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The Cryosphere An interactive open-access journal of the European Geosciences Union
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Discussion papers
https://doi.org/10.5194/tc-2018-229
© Author(s) 2018. This work is distributed under
the Creative Commons Attribution 4.0 License.
https://doi.org/10.5194/tc-2018-229
© Author(s) 2018. This work is distributed under
the Creative Commons Attribution 4.0 License.

Research article 16 Nov 2018

Research article | 16 Nov 2018

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This discussion paper is a preprint. It is a manuscript under review for the journal The Cryosphere (TC).

Organic matter across subsea permafrost thaw horizons on the East Siberian Arctic Shelf

Birgit Wild1,2, Natalia Shakhova3, Oleg Dudarev3,4, Alexey Ruban3, Denis Kosmach4, Vladimir Tumskoy5,6,7, Tommaso Tesi8, Hanna Joß1, Helena Alexanderson9, Martin Jakobsson2,10, Alexey Mazurov3, Igor Semiletov3,4, and Örjan Gustafsson1,2 Birgit Wild et al.
  • 1Department of Environmental Science and Analytical Chemistry, Stockholm University, Stockholm, 11418, Sweden
  • 2Bolin Centre for Climate Research, Stockholm University, Stockholm, 11418, Sweden
  • 3Tomsk Polytechnic University, Tomsk, 634050, Russia
  • 4Pacific Oceanological Institute, Russian Academy of Sciences, Vladivostok, 690041, Russia
  • 5Moscow State University, Moscow, 119991, Russia
  • 6Institute of Geography, Russian Academy of Sciences, Moscow, 119017, Russia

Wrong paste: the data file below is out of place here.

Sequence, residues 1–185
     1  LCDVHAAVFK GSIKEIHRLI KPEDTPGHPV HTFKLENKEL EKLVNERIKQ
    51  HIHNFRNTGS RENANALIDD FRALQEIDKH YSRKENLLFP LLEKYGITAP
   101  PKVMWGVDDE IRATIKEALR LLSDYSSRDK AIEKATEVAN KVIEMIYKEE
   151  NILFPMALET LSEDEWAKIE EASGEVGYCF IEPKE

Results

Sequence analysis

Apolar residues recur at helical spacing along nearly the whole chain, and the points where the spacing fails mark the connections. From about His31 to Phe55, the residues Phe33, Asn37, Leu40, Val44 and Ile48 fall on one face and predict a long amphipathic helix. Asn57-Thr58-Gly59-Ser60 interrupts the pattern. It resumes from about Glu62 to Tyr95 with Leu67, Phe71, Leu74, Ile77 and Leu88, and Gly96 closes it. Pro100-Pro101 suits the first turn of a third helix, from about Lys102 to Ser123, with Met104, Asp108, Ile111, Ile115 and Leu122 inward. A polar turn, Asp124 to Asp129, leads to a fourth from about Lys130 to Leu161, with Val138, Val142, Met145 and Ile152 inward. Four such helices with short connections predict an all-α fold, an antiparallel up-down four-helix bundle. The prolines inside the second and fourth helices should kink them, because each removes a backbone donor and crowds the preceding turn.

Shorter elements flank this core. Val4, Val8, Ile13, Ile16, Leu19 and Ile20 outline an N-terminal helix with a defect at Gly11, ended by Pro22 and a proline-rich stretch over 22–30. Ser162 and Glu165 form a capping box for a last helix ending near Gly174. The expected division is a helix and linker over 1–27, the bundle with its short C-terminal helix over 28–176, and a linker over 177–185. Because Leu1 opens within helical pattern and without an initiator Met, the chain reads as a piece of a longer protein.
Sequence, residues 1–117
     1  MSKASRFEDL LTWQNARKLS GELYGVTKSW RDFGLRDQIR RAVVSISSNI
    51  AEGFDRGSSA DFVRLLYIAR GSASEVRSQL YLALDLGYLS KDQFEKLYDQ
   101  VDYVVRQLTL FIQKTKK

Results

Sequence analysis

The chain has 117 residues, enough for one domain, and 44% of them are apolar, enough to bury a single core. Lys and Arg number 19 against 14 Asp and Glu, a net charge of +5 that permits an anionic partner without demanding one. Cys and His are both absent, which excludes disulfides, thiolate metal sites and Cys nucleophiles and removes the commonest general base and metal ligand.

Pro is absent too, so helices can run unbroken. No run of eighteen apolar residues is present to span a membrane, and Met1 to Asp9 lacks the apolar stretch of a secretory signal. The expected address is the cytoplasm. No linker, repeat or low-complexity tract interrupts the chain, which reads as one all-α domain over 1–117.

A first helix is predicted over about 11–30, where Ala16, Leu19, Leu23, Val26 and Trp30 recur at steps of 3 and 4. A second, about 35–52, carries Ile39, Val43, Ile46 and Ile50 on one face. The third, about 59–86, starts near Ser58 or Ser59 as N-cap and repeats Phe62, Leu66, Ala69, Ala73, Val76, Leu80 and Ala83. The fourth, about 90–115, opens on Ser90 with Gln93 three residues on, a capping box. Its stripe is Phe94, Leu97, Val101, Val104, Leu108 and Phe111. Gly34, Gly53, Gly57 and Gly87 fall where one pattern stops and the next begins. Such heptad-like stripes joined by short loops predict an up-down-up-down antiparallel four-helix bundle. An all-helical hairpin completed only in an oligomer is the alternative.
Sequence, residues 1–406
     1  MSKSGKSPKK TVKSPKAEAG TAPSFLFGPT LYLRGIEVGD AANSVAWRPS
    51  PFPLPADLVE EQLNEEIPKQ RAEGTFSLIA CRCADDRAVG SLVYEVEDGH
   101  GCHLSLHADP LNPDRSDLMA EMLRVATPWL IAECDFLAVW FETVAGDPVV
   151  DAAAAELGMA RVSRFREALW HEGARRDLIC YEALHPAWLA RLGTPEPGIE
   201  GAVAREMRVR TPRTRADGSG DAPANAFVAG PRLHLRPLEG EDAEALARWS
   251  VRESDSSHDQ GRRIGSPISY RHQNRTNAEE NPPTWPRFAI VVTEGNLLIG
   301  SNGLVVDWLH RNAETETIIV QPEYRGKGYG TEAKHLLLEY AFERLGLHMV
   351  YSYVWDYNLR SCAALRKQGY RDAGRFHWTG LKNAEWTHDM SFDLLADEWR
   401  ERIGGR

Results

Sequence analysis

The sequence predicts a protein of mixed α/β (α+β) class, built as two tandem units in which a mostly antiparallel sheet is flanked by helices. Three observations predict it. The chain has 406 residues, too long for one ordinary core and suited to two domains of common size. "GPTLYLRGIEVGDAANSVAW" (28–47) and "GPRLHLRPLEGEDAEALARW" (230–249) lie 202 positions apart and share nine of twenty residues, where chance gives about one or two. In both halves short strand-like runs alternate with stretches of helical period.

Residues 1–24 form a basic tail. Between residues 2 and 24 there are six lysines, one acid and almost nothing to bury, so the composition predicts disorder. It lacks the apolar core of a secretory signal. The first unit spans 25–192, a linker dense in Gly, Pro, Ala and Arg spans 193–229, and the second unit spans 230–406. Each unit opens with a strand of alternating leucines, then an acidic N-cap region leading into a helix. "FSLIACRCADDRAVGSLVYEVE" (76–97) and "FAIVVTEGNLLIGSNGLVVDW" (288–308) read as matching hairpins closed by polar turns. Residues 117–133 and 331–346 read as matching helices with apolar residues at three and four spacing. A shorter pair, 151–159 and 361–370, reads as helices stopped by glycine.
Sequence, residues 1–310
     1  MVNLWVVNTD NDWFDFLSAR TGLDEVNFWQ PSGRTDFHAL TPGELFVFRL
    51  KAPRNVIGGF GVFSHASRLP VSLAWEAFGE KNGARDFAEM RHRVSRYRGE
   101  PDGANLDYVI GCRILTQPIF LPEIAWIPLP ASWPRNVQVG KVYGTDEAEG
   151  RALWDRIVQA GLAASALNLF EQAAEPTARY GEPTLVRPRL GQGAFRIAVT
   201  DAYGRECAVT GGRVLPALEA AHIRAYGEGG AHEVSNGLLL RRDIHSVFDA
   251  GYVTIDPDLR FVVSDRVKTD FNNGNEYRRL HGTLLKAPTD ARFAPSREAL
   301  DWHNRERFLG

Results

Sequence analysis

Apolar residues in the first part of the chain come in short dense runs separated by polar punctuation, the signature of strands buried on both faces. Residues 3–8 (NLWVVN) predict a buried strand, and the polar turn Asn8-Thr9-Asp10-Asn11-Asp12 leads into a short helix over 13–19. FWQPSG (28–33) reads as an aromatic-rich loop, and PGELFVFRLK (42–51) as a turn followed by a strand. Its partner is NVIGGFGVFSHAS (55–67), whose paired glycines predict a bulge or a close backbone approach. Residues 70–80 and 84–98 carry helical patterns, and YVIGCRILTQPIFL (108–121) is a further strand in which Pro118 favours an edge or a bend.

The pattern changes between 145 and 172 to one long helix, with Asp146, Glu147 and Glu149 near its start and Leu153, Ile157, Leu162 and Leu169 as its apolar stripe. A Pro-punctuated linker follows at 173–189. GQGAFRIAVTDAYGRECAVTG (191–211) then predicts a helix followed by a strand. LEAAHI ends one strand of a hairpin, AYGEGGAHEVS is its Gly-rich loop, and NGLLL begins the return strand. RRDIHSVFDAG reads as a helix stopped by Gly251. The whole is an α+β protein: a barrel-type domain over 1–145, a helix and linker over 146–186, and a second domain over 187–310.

• 7University of Tyumen, Tyumen, 625003, Russia
  • 8Institute of Marine Sciences, National Research Council (ISMAR-CNR), Bologna, 40129, Italy
  • 9Department of Geology, Lund University, Lund, 22361, Sweden
  • 10Department of Geological Sciences, Stockholm University, Stockholm, 11418, Sweden

Abstract. Thaw of subsea permafrost across the Arctic Ocean shelves might promote the degradation of organic matter to CO2 and CH4, but also create conduits for transfer of deeper CH4 pools to the atmosphere and thereby amplify global warming. In this study, we describe sedimentary characteristics of three subsea permafrost cores of 21–56m length drilled near the current delta of the Lena River in the Buor–Khaya Bay on the East Siberian Arctic Shelf, including content, origin and degradation state of organic matter around the current thaw front. Grain size distribution and optically stimulated luminescence dating suggest the alternating deposition of aeolian silt and fluvial sand over the past 160000 years. Organic matter in 3m sections across the current permafrost table was characterized by low organic carbon contents (average 0.7±0.2%) as well as enriched δ13C values and low concentrations of the terrestrial plant biomarker lignin compared to other recent and Pleistocene deposits in the study region. The lignin phenol composition further suggests contribution of both tundra and boreal forest vegetation, at least the latter likely deposited by rivers. Our findings indicate high variability in organic matter composition of subsea permafrost even within a small study area, reflecting its development in a heterogeneous and dynamic landscape. Even with this relatively low organic carbon content, the high rates of observed subsea permafrost thaw in this area yield a thaw-out of 1.6kgOCm−2year−1, emphasizing the need to constrain the fate of the poorly described and thawing subsea permafrost organic carbon pool.

Birgit Wild et al.
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The thaw and degradation of subsea permafrost on the Arctic Ocean shelves is one of the key uncertainties concerning natural greenhouse gas emissions since difficult access limits the availability of observational data. In this study, we describe sediment properties and age constraints of a unique set of three subsea permafrost cores from the East Siberian Arctic Shelf, as well as content, origin and degradation state of organic matter at the current thaw front.
The thaw and degradation of subsea permafrost on the Arctic Ocean shelves is one of the key...
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